Subject: Re: Is gcc slow? Or is our gcc slow?
To: None <current-users@NetBSD.ORG>
From: H. J|ngst, ISKP, Bonn <email@example.com>
Date: 04/11/1996 06:37:32
> >> [...] mount a MFS on /tmp [...]
> > MFS is really stupid. You are wasting resources for the most of
> > time.
> /tmp has the same problem, it's just that the "wasted" resource is disk
> space instead of RAM.
/tmp splits the disk. MFS splits the virtual memory and increases the
need for more virtual memory (even if it allocates the space dynamicly,
I know). The swap partition splits the disk. Splitting resources means
> > Common temporary resources for all users are the best way to produce
> > problems. Some of them can not be solved, of course. But others
> > like common temorary scratch directories are not neccessary.
> So, you would have ... what? It's not clear to me what you're
> proposing here. It sounds almost as though you're proposing to replace
> /tmp and /var/tmp and /usr/tmp with $HOME/tmp or some such.
First, I would try to avoid temporary files. In most cases it is not
neccessary. cc -pipe shows that for cc. Printer spoolers also do not
really need a backup of a file to print it.
Others like mail need space to keep the files. I would use the users
home directories (or any of their subdirectories) to keep the files.
Then it is possible to keep the machine alive for most people, even if
someone made a mistake. And a system manager can regulate it very nice
with quotas (tested:-).
I have seen too often that jobs here (physical data evaluation) have
stopped just because /tmp was full (multiusers - multiproblems;-).
> > If there is just one user who made a mistake and allocates the entire
> > space, then other users are not able to compile their program (and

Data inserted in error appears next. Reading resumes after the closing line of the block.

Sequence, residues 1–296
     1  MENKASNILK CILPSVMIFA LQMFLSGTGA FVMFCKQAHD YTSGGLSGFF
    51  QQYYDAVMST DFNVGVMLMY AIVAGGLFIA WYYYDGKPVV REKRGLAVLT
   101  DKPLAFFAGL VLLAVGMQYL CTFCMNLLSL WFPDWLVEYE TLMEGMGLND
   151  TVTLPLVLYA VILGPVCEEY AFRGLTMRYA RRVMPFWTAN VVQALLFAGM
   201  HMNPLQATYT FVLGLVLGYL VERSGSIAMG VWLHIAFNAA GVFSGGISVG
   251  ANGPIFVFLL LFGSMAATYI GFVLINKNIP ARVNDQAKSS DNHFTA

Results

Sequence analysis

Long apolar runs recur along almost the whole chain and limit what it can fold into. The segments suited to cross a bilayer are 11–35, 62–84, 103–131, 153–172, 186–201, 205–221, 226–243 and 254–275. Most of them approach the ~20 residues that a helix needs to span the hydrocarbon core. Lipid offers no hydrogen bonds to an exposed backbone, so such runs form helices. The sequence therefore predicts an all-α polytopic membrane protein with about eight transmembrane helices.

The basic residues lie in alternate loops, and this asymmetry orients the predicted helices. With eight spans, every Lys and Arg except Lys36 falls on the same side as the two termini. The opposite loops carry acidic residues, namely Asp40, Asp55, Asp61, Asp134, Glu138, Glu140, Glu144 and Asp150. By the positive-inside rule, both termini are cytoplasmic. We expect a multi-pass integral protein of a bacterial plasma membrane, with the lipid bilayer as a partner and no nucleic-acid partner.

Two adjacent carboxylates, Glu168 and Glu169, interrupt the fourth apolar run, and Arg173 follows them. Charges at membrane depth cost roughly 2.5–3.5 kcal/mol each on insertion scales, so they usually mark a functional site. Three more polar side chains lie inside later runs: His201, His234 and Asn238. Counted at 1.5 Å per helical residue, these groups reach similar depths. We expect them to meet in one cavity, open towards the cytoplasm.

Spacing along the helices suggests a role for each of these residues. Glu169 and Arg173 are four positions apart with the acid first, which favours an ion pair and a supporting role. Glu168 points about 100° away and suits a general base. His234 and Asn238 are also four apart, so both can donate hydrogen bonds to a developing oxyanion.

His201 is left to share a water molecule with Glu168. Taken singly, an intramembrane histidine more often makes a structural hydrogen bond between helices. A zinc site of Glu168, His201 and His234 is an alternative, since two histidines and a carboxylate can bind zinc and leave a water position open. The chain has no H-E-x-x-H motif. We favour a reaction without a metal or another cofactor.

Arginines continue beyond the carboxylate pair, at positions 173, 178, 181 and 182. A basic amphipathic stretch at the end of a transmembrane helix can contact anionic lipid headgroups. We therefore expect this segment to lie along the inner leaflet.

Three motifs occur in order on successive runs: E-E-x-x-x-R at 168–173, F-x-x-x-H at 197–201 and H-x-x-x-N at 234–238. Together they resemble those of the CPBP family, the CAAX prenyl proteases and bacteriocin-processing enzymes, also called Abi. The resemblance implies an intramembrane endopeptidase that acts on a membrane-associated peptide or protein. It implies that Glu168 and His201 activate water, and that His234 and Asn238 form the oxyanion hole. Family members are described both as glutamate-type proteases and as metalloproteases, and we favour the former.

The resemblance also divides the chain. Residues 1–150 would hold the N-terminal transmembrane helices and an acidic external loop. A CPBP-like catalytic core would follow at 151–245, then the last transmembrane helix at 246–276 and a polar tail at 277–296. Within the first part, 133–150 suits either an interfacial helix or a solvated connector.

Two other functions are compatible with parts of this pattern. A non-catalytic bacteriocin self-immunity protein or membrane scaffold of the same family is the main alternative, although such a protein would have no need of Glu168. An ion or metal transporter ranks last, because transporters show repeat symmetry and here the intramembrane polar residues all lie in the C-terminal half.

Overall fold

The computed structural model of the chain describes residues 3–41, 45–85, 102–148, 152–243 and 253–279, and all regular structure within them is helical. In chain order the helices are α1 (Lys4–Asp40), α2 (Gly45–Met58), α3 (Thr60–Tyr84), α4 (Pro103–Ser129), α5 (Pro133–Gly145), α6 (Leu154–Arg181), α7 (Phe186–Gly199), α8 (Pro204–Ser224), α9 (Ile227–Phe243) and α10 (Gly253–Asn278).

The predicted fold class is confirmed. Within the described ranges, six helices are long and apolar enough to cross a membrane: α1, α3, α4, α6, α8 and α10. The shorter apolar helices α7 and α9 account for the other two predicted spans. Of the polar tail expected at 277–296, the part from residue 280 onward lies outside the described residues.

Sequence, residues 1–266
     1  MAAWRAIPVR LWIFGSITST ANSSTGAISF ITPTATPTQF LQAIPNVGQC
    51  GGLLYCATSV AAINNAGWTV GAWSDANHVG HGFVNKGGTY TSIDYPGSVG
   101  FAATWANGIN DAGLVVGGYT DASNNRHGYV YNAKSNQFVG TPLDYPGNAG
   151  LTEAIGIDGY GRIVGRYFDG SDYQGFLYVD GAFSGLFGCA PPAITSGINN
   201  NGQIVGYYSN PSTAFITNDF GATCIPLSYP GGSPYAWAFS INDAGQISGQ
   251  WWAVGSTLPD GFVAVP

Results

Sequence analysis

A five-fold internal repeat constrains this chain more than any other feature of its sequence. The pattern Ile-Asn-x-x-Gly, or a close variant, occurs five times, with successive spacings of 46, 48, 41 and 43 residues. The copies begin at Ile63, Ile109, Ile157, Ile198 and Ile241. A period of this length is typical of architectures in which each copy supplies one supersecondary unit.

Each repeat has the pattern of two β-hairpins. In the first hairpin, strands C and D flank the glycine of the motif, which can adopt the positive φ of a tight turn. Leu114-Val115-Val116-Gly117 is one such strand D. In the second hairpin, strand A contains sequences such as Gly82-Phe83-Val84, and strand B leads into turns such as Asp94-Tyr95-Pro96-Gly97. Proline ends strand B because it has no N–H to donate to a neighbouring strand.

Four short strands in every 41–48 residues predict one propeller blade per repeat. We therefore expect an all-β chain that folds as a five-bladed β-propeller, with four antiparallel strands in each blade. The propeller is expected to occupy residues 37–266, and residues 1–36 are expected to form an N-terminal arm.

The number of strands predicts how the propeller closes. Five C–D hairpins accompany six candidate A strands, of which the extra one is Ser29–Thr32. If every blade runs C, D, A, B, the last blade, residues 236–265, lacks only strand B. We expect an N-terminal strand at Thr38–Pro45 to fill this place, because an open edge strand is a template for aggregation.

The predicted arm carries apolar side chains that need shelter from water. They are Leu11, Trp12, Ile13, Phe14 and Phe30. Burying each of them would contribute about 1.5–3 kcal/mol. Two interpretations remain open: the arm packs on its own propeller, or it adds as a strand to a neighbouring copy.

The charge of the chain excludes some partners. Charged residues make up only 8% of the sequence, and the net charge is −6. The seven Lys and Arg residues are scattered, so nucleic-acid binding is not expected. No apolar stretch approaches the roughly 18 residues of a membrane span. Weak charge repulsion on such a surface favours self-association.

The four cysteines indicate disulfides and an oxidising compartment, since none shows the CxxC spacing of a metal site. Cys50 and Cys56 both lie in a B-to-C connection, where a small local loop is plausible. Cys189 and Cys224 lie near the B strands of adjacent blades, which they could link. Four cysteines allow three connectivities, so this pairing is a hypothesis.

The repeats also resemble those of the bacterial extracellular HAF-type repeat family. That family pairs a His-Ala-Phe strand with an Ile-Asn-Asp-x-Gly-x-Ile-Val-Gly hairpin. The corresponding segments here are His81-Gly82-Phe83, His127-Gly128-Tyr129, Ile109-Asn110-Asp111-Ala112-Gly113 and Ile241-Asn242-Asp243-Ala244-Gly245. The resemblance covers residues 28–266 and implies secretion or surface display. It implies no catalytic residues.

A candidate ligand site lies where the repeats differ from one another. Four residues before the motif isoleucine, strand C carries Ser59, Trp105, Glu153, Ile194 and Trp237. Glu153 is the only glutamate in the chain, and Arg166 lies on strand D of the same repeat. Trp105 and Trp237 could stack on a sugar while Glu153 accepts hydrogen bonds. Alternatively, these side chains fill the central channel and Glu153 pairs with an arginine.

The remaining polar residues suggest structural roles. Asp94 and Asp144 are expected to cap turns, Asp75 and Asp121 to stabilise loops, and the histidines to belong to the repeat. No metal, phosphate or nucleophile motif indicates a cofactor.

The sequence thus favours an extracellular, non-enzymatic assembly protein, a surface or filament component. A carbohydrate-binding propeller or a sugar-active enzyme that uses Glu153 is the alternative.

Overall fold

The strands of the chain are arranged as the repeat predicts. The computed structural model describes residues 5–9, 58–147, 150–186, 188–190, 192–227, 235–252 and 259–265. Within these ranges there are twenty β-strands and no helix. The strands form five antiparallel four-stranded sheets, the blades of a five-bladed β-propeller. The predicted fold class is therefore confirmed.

> > most don't know why).
> "/tmp: file system is full" seems pretty clear to me, even to a novice.
> > MFS means thinking like a MSDOS user.
> No more so than /tmp - or /var/tmp - does already...unless you're
> alluding to the prevalence of ramdisks on MSDOS, which isn't what the
> context sounded like to me.
> > A tuning guide might be also interesting, if the operation system can
> > not tune itself (like others).
> Hm, self-tuning, that sounds like (a) a really cool idea and (b) a
> maintenance nightmare when it goes wrong. When will you have a sample
> implementation ready for us to experiment with?
Peter (firstname.lastname@example.org) has sent you the answer yet. He was talking
about "AUTOGEN" of VMS which adjusts the system parameters with feedback
data of the system (for the next reboot). System managers can control
AUTOGEN with minimum, maximum and additional contributions for specific
system parameters (SYSGEN). AUTOGEN also controls itself. For example it
does not generate parameters based on the feedback data if the statistic
of these data is not sufficient.
Additionally there is a performance analyzer available for VMS which does
the adjustment dynamicly for a running system. E.g. "quantum" (the time
between task switches) can be adjusted by the machine (and much more).
BTW, shared images (and libraries, of course) are well known in VMS.
But, I do not want to start a VMS discussion here (wouldn't help anyway).
Andrew's (email@example.com) measurement (make build with/without
-pipe and MFS) did show, that -pipe decreases the real time to compile
the sources. It also shows that MFS decreases it more than -pipe. I think
that transfers via pipes are much more simple than transfers via a file
system. It might be interesting to measure the cost of task switches.
I can't belief that it does really cost so much (it mustn't!). I would
guess that there is a problem with the transfer via pipes (e.g. bad buffer
implementation or something like that). It might be interesting to have a
The previous small measurement did not show what happens if the harddisk
is busy (multiuser).
> der Mouse
I am happy with the solution "/etc/mk.conf" now, but not at all... ==:-)